Lessons from the St. Louis Cardinals and ‘Building Biotechs to Last’

Xconomy San Francisco — 

When I hit the couch tonight to watch Game 6 of the World Series, I won’t be rooting for anyone. I will just be another baseball fan hoping for a great game between the Boston Red Sox and the St. Louis Cardinals.

But I have been thinking about not just baseball, but organizational strategy lately, and these two teams offer a study in contrasts that business people can appreciate. The Boston Red Sox are the big market/big budget team that bounced back from a meltdown season a year ago to put together a cohesive American League championship team. It’s a great story, sure.

But what’s even more interesting to me is the model of the Cardinals. They have passionate and loyal fans, but it’s not a big media market with megabucks to throw around. No matter how many great players they lose to free agency or injury, they keep finding and developing low-priced young stars like Michael Wacha, Trevor Rosenthal, and Carlos Martinez who shine during crunch time.

Like them or not, the Cardinals are an organization that’s built for sustainable excellence. It’s easy to say and hard to do. I think that’s a model that many biotech entrepreneurs can relate to. Some people are trying to position their companies for one run at a World Series title (the big acquisition). Some strive to set an ongoing standard of excellence that could produce multiple championships (several profitable products that help patients).

One other great thing about baseball—it provides lots of breaks in the action. So, between innings tonight, instead of looking at comments on Twitter, I’d encourage you to pop open your laptop and buy one of the last Early Bird discount tickets for “Building Biotechs to Last.” It’s the next big Xconomy biotech event, set for the afternoon of Dec. 9 at Genentech Hall on the UCSF Mission Bay campus. Those early discounts expire at midnight tonight.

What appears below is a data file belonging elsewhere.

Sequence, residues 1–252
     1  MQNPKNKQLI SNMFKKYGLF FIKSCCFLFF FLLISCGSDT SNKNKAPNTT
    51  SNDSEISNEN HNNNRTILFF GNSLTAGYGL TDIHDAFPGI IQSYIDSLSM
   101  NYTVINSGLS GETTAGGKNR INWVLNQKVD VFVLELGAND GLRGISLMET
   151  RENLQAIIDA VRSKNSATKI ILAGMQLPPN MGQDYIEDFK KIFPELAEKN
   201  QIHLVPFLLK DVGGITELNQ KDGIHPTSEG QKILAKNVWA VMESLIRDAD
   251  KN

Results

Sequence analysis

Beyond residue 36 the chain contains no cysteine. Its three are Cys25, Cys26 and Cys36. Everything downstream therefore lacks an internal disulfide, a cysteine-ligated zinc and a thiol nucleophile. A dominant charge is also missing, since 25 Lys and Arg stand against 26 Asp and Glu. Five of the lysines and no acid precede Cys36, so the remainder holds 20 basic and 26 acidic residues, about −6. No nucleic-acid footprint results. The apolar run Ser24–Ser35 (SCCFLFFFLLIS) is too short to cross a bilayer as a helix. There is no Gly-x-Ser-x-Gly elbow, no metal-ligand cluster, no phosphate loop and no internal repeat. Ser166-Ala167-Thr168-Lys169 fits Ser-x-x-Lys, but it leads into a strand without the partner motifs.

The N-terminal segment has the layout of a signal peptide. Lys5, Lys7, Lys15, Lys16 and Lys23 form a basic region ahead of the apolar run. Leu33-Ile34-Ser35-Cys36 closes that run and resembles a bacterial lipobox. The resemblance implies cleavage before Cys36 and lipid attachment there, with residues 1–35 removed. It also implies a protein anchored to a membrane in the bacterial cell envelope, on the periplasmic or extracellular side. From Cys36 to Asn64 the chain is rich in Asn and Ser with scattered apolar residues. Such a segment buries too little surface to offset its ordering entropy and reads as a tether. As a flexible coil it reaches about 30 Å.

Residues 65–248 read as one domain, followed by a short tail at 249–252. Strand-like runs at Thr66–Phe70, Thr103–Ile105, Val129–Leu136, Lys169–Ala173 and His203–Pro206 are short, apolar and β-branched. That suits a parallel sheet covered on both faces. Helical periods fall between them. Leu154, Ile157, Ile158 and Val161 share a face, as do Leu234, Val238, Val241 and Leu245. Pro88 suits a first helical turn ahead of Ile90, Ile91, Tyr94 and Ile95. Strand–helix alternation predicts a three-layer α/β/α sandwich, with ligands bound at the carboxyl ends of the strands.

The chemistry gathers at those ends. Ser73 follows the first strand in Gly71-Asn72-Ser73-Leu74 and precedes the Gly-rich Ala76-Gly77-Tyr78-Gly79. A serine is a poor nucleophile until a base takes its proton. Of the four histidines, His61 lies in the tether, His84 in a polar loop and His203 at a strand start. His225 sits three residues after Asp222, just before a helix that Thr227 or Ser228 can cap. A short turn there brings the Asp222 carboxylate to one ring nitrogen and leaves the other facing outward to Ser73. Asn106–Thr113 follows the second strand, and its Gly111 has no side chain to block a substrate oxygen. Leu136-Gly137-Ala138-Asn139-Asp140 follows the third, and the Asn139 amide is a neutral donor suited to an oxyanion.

We have an awesome lineup of speakers who will be ready to share some of their thinking into how they’ve tried to build companies that can live through the inevitable ups and downs, and consistently perform at the top of their fields.

Here’s who you can expect to hear from in SF on Dec. 9.

Kim Popovits, CEO, Genomic Health

Stanley Crooke, CEO, Isis Pharmaceuticals

Bryan Roberts, partner, Venrock Associates

Paul Hastings, CEO, OncoMed Pharmaceuticals

Adelene Perkins, CEO, Infinity Pharmaceuticals

Bob More, senior advisor, Bill & Melinda Gates Foundation

Chris Garabedian, CEO, Sarepta Therapeutics

Bonnie Anderson, CEO, Veracyte

Unfortunately, JJ Bienaime of BioMarin Pharmaceuticals had a scheduling conflict and won’t be able to make it at this event on Dec. 9, but I expect to have a few more updates on what you can expect in the weeks ahead. So block off the afternoon of Dec. 9 on your calendar, get your tickets now, and join us for one of the more interesting and important public conversations of the year in biotechnology.